Court sidesteps ruling on rights of gay parent

October 27, 1994|By Sandy Banisky | Sandy Banisky,Sun Staff Writer

A Maryland appeals court has avoided ruling on whether a gay parent's visits with his children can be restricted because of his "homosexual lifestyle" -- an opinion that disappointed the man's lawyers, who wanted a clear decision that supported gay rights.

The Maryland Court of Special Appeals sent the case back to the Prince George's County Circuit Court, asking the court to clarify its reasons for restricting David North's visits with his three daughters. Mr. North, a Baptist minister, is HIV-positive.

But the court did not give clear guidance on how the issue of Mr. North's homosexuality should be handled.

"They ducked it," said Gerald Solomon, a Greenbelt attorney who represents Mr. North. The opinion, he said, "gave little direction to the lower courts for how to deal with this issue."

The court did say in a footnote, however, that Mr. North's visitation rights could not be restricted just because he is infected with the AIDS virus, unless it was shown that the children's health was in danger.

Lawyers for Mr. North, the North children and several gay-rights groups had said the case was important because Maryland's courts have never ruled on whether visits can be restricted when one parent is homosexual.

The lawyers argued that visits can be limited only if the parent's sexual orientation is shown to be harming the children.

Stuart Comstock-Gay, of the American Civil Liberties Union of Maryland, said, "We would have liked for the court to resolve the issue. Whether or not you are homosexual and have a homosexual lifestyle is not important in custody cases. We need to get this resolved once and for all."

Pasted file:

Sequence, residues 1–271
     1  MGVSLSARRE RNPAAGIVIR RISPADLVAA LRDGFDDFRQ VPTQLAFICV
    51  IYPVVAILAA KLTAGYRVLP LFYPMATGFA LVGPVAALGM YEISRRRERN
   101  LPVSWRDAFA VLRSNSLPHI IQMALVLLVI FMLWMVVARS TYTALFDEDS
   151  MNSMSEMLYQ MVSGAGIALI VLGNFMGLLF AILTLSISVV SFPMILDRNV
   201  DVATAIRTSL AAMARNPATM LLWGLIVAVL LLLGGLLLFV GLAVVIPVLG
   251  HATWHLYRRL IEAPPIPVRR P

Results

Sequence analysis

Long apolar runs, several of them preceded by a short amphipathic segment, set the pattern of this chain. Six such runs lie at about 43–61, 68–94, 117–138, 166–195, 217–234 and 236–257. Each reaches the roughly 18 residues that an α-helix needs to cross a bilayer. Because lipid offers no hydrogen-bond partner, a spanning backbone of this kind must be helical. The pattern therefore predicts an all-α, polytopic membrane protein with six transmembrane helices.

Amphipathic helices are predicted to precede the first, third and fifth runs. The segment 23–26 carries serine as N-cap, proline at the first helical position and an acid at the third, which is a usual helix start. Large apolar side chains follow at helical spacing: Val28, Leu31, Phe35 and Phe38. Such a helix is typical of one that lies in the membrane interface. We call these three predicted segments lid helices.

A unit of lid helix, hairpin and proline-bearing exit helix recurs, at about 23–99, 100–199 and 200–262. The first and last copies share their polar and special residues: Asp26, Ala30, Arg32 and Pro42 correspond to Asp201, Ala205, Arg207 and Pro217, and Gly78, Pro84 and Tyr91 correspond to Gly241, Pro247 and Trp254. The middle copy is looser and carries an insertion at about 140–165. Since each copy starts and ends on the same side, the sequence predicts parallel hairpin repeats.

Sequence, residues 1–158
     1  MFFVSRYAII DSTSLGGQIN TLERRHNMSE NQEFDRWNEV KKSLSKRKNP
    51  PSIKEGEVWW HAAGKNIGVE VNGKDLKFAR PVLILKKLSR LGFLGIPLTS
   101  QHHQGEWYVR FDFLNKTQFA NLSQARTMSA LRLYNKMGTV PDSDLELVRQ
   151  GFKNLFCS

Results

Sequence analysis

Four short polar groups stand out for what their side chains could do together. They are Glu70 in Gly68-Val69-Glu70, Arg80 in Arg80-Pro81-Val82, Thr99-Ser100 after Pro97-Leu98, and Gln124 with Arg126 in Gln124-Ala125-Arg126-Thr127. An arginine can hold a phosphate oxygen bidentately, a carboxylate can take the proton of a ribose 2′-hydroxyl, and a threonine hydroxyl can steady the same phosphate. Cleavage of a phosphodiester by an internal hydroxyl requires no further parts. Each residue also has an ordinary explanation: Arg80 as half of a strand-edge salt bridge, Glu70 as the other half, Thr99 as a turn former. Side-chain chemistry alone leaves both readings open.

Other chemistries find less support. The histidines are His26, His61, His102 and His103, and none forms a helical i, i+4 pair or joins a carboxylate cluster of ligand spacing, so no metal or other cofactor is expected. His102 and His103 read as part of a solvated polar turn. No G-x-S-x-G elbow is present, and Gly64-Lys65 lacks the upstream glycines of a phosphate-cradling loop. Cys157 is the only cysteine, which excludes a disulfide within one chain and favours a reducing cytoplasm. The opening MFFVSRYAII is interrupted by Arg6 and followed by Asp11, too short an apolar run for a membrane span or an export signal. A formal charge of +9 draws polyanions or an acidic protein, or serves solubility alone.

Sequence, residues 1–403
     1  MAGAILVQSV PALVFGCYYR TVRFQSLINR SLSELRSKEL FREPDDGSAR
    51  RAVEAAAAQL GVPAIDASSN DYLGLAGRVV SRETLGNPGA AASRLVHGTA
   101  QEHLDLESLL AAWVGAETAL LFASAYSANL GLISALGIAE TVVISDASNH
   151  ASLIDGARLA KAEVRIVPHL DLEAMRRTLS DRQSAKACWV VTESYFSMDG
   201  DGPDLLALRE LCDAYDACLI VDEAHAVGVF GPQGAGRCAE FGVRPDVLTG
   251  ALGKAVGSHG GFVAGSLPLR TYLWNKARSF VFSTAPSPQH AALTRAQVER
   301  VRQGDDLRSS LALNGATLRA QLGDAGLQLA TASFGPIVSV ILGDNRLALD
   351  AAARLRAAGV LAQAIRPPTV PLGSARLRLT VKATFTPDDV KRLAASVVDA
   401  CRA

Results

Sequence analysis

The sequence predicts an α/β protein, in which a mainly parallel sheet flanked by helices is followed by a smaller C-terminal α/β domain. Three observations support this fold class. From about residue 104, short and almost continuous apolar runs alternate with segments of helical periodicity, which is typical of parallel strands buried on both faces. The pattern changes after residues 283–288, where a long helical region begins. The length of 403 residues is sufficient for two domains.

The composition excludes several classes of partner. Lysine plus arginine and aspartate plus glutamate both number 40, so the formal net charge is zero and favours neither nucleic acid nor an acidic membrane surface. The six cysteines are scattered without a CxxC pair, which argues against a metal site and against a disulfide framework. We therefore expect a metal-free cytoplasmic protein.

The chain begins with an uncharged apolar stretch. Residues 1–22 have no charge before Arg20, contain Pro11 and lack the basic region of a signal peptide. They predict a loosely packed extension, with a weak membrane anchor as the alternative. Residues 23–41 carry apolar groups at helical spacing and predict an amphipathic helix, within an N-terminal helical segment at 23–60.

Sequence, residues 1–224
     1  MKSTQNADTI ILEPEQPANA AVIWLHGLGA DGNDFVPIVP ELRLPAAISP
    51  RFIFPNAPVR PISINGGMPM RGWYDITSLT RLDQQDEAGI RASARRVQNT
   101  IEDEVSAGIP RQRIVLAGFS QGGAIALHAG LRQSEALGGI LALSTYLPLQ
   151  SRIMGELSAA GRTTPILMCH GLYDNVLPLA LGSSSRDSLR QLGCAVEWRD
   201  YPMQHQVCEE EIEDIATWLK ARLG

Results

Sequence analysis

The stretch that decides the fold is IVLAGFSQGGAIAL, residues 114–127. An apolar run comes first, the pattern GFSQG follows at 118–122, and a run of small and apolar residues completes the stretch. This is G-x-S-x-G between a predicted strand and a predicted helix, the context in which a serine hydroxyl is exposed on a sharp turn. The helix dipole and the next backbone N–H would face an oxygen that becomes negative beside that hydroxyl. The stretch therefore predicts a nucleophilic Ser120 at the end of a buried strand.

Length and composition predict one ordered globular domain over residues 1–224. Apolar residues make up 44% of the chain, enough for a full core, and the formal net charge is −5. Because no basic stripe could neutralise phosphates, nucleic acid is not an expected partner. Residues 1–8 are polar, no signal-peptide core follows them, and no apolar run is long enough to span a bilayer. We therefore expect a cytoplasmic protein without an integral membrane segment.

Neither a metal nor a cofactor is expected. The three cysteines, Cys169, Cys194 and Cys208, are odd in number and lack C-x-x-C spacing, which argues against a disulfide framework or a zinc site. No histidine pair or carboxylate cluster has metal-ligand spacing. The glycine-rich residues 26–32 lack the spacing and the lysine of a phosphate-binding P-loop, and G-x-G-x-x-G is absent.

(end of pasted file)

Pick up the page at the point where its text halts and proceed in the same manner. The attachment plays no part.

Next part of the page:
David and Kathryn North married in 1982. He did not tell her he was gay and secretly having sex with men. In 1991, he tested positive for acquired immune deficiency syndrome virus and moved into the home of a family friend.

The two men began a gay relationship but promised the court that they would keep their "homosexual lifestyle" private when the children visited and not display affection in front of them. But the Circuit Court restricted Mr. North's visits with the girls, saying it could not trust Mr. North to conceal his "lifestyle" during overnight visits. Mr. North appealed.

In its ruling, the Court of Special Appeals said that the lower court's reasoning behind the limit on visitation was "arbitrary" and must be reconsidered.

Baltimore Sun Articles
|
|
|
Please note the green-lined linked article text has been applied commercially without any involvement from our newsroom editors, reporters or any other editorial staff.